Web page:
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AYUSH critically ill: Dilapidated dispensaries, paucity of Ayurvedic medicines, doctors making do with Ayurvedic-allopathic combo

 Mail News Service

Ghatshila, Sept 11: Big hospitals boast of ICUs (Intensive Care Units) and CCUs (Critical Care Units) for patients whose lives hang by a thread. But what happens when such hospitals themselves are suffering from multi-organ failure? Perhaps, the conditions of the government’s ambitious project of launching Ayurvedic care hospitals, AYUSH Centres pan India are gasping for breath, and the axe shaped question mark hangs over these cure centres, AYUSH joints, one can safely say that these centres are critically ill with redemption chances very bleak. Dilapidated dispensaries, paucity of Ayurvedic medicine stocks and doctors being forced to make do with untested combos of Ayurvedic and Allopathic medicines point towards CCUs and ICUs wherever they are and whatever the costs irrespective of survival chances. The irony of it all is that medics posted at AYUSH centres openly prescribe Allopathic medicines in the name of cure.

It may be mentioned that on paper, Ghatshila has two government Ayurvedic treatment centres spelt AYUSH and these are also found on the website by the same name. But on survey, it was discovered that a majority of the ‘human mass’ did not even know of the very existence of the AYUSH Centres in  Ghatshila. So much for the government’s ambitious project of taking Ayurvedic medicines to the doorstep of ailing people.

Dr Prabhat Kumar, who is posted at Chaibasa deputizes for three days a week at the Ghatshila AYUSH Kendra and before on could open his mouth wide enough to gasp out the question, the medic said that Ayurvedic medicines were not available at these centres. Imagine the care and concern for the government’s AYUSH Centre in Ghatshila that operates in a room measuring 6’x 3’ atop the Kashida Panchayat Bhawan. This Centre is bereft of seating space and the medicine rack is covered with layers of dust and a few dirt riddled Ayurvedic medicine packs that one doubts, may be empty. Moreover, this cringed space is dilapidated and the roof and walls may fall apart any day, any time. Another ‘stunning’ discovery made at the Centre was that it had a few AYUSH kits left that was supplied by the Jharkhand government during the COVID-19 phases for prevention and cure of coronavirus inflictions. The ‘stunning’ factor was that Ayurvedic physicians were continuing to prescribe medicines from these kits due to unavailability of proper medicines.

This situation persists in spite of the fact that the government has set aside crores of rupees for AYUSH project but the status of these Kendras as on date is that a handful of people know about the existence of these abstract projects (what else) and are more or less sure that they are toothless paper tigers not to be trusted for curative purposes.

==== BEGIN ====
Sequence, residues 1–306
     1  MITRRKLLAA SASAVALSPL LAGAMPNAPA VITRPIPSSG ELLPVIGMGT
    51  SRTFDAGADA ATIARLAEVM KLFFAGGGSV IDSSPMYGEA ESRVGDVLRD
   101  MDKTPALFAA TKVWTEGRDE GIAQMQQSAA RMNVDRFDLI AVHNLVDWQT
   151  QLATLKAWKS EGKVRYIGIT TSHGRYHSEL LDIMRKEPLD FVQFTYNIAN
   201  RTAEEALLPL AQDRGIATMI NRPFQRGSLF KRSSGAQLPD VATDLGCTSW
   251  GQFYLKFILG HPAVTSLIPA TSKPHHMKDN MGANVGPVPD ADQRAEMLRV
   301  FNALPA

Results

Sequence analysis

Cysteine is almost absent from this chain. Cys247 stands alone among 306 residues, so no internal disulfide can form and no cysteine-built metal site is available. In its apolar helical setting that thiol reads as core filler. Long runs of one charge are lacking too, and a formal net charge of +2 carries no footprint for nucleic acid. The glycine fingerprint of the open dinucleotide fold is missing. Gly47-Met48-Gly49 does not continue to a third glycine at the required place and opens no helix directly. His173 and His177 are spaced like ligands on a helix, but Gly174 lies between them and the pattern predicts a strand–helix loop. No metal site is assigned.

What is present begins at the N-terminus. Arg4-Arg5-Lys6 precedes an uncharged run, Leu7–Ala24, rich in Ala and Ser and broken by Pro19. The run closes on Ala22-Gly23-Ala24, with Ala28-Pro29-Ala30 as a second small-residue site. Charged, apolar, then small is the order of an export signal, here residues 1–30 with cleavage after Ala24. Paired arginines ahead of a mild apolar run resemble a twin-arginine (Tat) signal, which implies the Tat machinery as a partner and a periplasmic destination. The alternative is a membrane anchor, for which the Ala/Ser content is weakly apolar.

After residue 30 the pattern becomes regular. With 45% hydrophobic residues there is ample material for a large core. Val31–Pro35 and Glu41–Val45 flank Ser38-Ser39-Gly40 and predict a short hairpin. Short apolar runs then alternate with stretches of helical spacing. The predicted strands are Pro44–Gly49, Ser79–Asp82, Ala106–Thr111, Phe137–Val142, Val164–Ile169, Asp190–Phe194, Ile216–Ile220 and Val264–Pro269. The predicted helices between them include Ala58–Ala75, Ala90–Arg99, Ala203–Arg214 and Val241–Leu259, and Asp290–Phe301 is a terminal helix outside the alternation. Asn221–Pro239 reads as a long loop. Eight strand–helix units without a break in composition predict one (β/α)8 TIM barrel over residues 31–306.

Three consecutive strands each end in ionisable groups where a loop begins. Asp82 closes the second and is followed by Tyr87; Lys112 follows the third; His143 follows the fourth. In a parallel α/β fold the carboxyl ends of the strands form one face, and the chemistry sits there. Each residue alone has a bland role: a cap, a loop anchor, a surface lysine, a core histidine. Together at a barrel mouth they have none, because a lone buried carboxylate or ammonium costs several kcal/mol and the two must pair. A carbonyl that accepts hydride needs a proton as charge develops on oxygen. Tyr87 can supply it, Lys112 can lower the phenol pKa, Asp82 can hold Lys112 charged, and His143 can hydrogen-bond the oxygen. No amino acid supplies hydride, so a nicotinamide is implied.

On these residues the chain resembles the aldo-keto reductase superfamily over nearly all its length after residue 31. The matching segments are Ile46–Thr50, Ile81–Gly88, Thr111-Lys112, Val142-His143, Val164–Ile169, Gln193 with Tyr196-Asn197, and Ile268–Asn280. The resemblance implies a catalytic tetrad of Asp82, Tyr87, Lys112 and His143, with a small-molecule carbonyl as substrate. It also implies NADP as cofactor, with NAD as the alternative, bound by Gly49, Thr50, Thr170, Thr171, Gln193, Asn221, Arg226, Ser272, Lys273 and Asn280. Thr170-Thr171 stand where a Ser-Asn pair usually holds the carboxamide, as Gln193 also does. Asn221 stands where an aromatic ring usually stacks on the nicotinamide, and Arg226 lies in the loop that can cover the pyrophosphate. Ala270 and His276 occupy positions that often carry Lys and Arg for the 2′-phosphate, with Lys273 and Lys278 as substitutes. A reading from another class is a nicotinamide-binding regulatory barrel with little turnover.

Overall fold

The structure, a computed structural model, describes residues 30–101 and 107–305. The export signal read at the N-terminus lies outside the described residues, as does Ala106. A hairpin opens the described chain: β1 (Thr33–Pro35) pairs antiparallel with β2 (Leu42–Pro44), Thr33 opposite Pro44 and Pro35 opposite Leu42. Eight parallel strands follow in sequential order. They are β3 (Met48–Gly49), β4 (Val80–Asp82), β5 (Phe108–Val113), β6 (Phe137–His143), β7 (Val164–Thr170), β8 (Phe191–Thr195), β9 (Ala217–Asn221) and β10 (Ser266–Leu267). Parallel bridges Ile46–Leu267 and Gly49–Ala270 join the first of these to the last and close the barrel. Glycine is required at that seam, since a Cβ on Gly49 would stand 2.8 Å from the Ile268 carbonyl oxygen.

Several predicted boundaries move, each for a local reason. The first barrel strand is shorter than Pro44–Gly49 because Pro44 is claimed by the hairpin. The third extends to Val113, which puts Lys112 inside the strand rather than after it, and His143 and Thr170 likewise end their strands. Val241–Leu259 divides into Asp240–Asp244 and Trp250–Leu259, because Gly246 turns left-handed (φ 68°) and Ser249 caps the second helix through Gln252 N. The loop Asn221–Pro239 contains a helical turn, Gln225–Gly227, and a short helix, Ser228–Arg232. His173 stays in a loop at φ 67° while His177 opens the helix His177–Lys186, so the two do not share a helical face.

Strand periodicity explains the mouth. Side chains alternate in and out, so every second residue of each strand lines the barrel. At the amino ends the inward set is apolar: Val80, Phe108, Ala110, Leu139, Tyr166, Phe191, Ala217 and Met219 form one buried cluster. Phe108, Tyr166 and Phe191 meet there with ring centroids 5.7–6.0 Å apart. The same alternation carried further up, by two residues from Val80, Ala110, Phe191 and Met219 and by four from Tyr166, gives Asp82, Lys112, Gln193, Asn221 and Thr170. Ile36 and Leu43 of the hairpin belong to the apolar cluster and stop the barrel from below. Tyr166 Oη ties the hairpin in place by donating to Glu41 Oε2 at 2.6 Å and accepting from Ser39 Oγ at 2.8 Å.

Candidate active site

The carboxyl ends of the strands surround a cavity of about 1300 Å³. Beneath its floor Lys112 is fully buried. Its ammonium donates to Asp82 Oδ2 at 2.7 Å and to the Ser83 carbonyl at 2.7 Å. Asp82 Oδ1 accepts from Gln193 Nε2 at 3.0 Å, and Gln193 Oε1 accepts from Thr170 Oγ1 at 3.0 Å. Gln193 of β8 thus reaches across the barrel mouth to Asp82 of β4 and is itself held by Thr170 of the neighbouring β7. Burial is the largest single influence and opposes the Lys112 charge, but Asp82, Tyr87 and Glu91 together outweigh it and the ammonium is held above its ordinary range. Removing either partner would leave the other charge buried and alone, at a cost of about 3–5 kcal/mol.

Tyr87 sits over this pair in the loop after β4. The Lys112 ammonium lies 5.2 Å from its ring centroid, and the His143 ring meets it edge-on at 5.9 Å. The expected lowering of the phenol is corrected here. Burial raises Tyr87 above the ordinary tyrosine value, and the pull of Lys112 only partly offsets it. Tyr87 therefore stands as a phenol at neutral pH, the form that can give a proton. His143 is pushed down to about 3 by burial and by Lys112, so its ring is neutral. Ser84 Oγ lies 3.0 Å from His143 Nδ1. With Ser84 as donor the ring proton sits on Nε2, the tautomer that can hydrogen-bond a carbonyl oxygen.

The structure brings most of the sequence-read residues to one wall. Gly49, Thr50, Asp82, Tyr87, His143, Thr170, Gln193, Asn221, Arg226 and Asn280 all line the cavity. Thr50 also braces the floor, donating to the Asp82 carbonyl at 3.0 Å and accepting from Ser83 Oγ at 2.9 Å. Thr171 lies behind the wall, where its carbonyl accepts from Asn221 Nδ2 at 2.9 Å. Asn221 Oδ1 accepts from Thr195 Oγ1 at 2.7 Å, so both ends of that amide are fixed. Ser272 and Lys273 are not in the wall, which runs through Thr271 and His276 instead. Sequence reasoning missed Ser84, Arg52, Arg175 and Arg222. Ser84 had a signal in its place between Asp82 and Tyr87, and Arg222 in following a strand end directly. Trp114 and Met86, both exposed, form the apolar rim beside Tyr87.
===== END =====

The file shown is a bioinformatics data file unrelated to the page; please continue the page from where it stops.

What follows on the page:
The Jharkhand Director of Project AYUSH, Dr Fajlus Sami, when contacted to find out the reason behind the prevailing pathetic conditions of the Centres, informed that a tender for the supply of Ayurvedic medicines had been floated and once a supplier was selected by reviewing the bids, there would be no dearth of stock at the AYUSH Centres. Answering another question, Dr Sami said that all pending salaries and honorariums would be paid shortly.

In contrast, District AYUSH Medical Officer, Dr Alok Kumar Srivastava stated that there had been no supply of Ayurvedic medicines from the government and neither were the doctors’ honorariums paid.  

 Dr Namita Jha who too is posted at the Ghatshila AYUSH Centre said that she was dispensing her services at the Subdivisional Hospital. “My prime duty is to cater to the treatment of the ailing people and this I am doing at the Subdivisional Hospital. With no medicine available at the AYUSH Kendra, how can I treat people there? What medicines will I prescribe unless there is sufficient stock of Ayurvedic medicines?” she retorted. Dr Namita Jha added with a touch of exasperation, “I have not even been paid my salary since my appointment in the AYUSH project.”

According to a source, an AYUSH doctor was working as RMO in a private nursing home in Ghatshila Block and was prescribing allopathic medicines due to the empty medicine racks at the Ayurvedic treatment centres.

The government floated AYUSH care centres with the noble motive of promoting the powers of herbal cure that had withstood the test of centuries and continues to remain successful but, of late, the fair intents have been jolted due to the apathetic attitude of the powers that be in the realms of supply of herbal medicines and pending salaries and honorariums of doctors. “Why play spoilsport to a noble and novel move to showcase the magical healing properties of Ayurvedic science?”

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